[media] Debate books have been a favorite source for newspaper headlines this spring. Håvard Mælnes 'An ordinary day at work, Magnus Marsdal's Frp code and Hallgrim Berg's American letter all debuted in first place on the Book Dealers' Association's bestseller list.
- Spring is traditionally a good time for non-fiction books, as there are fewer books to compete with, explains Silje Utkilen, information manager at Kagge publishing house.
This spring has nevertheless been exceptionally good.
- Reflects weak politics
The publishers of Mælnes and Marsdal, respectively Erling Kagge in Kagge Forlag and Håkon Kolmannskog in the newly founded Forlaget Manifest, are naturally very pleased when we meet them for debate. Although the political standpoint and temperature this hot June day should signal a heated conversation, they surprisingly agree when it comes to publishing.
- One of the reasons why there are many debate books now, is that it is so bad. There is a lot of questionable political management, Kagge believes.
Kolmannskog is also not very proud of the red-green government, and criticizes politicians' lack of glow.
- When ministers and politicians make speeches, it is either to put debates and issues dead, or to brag. Things are not at stake for them, and their posts become boring.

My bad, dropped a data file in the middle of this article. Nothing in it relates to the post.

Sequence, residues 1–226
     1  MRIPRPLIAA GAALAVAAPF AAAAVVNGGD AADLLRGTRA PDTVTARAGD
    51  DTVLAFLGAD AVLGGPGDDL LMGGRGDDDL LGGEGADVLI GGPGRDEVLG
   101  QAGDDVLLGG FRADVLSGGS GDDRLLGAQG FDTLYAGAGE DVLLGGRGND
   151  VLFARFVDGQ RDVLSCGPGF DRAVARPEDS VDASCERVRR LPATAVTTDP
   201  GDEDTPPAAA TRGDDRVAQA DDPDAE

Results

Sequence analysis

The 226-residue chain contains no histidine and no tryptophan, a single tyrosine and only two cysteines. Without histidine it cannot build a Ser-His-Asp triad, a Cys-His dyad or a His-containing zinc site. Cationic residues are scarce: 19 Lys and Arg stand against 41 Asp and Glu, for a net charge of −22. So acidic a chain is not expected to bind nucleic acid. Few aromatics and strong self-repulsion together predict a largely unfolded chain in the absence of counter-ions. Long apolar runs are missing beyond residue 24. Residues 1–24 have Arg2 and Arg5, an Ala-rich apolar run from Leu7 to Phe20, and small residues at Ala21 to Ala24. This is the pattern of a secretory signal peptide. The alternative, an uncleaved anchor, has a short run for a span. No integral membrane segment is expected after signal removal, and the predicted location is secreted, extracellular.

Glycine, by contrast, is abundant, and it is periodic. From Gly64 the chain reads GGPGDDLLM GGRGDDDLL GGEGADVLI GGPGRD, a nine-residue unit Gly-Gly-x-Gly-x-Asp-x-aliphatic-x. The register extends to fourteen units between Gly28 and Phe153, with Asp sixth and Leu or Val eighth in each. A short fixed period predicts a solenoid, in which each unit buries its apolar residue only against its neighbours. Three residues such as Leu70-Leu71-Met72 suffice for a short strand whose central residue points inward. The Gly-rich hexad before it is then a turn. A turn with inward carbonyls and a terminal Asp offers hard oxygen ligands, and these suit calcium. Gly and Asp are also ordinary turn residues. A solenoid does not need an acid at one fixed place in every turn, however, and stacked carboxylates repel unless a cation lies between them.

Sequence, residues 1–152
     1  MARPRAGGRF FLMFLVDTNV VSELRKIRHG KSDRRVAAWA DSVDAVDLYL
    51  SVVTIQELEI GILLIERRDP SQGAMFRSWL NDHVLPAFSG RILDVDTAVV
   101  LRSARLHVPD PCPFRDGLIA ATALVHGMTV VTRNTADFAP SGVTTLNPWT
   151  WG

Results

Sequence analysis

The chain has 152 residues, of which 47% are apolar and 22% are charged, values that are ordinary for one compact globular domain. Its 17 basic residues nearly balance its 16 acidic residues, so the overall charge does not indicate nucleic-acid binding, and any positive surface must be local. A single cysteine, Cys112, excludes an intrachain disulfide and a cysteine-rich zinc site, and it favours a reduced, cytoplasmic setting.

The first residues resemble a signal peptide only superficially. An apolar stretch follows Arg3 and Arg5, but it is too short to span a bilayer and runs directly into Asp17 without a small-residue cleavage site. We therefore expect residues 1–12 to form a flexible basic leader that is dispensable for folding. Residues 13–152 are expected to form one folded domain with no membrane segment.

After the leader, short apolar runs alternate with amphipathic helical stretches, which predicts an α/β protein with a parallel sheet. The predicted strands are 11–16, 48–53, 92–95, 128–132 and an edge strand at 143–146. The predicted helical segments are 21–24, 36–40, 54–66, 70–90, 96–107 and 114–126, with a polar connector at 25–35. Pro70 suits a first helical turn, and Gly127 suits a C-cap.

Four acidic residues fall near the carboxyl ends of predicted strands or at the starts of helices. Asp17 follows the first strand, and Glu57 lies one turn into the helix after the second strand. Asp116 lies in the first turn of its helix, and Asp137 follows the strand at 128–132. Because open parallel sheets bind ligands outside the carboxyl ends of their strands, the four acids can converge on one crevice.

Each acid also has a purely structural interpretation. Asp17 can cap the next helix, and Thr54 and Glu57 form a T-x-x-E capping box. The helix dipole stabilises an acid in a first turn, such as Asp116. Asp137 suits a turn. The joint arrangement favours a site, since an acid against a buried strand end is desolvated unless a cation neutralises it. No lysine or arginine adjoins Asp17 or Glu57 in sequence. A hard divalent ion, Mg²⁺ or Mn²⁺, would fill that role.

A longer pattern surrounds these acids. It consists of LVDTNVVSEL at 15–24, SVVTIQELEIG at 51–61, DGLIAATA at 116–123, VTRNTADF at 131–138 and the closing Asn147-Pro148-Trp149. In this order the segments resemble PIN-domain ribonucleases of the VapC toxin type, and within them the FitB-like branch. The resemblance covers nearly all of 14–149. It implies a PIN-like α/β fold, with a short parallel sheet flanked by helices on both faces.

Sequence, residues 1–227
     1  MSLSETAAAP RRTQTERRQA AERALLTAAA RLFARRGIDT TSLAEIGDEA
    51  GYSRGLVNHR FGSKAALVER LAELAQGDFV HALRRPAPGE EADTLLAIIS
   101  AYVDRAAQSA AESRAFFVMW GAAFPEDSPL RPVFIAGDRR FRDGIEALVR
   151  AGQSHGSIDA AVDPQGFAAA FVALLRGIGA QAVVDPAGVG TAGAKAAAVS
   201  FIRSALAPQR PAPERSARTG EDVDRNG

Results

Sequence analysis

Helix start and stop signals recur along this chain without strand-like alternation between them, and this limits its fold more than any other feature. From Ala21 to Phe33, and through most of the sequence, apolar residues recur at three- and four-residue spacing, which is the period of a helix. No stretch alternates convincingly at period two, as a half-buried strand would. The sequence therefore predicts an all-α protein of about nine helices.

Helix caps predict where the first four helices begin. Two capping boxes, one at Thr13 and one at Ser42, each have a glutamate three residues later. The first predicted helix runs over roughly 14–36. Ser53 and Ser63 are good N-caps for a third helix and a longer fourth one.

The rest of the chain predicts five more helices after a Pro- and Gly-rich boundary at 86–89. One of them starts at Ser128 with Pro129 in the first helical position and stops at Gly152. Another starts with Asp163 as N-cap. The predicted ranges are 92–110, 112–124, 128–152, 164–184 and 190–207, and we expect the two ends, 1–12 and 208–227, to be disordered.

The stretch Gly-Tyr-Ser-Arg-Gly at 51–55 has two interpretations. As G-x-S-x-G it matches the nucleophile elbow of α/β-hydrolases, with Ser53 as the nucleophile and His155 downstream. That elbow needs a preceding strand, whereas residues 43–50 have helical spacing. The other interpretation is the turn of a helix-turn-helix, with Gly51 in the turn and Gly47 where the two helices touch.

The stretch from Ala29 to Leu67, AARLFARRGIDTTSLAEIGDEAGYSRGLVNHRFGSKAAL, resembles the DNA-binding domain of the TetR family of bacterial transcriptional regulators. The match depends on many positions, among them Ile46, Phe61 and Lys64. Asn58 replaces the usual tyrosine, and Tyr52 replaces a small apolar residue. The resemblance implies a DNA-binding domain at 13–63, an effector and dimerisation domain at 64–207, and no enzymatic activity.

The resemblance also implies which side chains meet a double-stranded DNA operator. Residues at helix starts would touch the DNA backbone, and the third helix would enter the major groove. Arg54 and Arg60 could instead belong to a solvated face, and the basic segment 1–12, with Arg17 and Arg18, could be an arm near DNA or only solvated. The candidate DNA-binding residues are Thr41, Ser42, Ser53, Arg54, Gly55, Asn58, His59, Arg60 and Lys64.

- And then they do not even write them themselves, Kagge adds.
None of them were significantly satisfied with the Bondevik government either, and Kagge believes it carried out little recognizable bourgeois policy. It may seem that the lack of clear divides and thorough debates between politicians has therefore opened the public up to other stakeholders.
Many journals have received increased attention in recent years, and Kolmannskog says that Manifest was inspired by this and worked on his own magazine Demo.
- We saw that there were many cases that received attention in the press, and that could be written longer and more about.
They are not worried about the timeliness of the books beyond the quality.
- There is rather a shortage of relevant books, Kolmannskog believes.
- The books we have published the fastest have generally received good reviews, Kagge points out and continues:
- There is not necessarily any connection between fast release and poor quality. The most important thing is to be vigilant, follow and have access to printing companies that can take the jobs quickly.
The debate about the debate
Not all players in the publishing industry are equally satisfied with the debate climate in Norway. Frode Saugestad in LSP Forlag thinks the condition in the Norwegian public is grave.
- Norway is characterized by tendentious debates and sensational headlines, principled discussions are virtually impossible to lead.
LSP specializes in professional literature and fiction from the Arabic-speaking world, and their latest releases are Osama bin Laden's Message to the World, Norman Finkelstein's Defense of Israel? and Mohamed Choukris Dry Bread
The books have certainly received a lot of attention in the press, but not always because of the questions they ask. Ari Behn's foreword got most of the attention when Dry Bread was launched, due to a hint of hashish use.
- Here you have one of the most important books in Arabic literature, and then the newspapers focus on three sentences in the preface, sighs Saugestad.
The Bin Laden release also got a lot of space, but where Saugestad wanted to start a censorship debate he thinks the matter was again sensationalized without the underlying points coming out.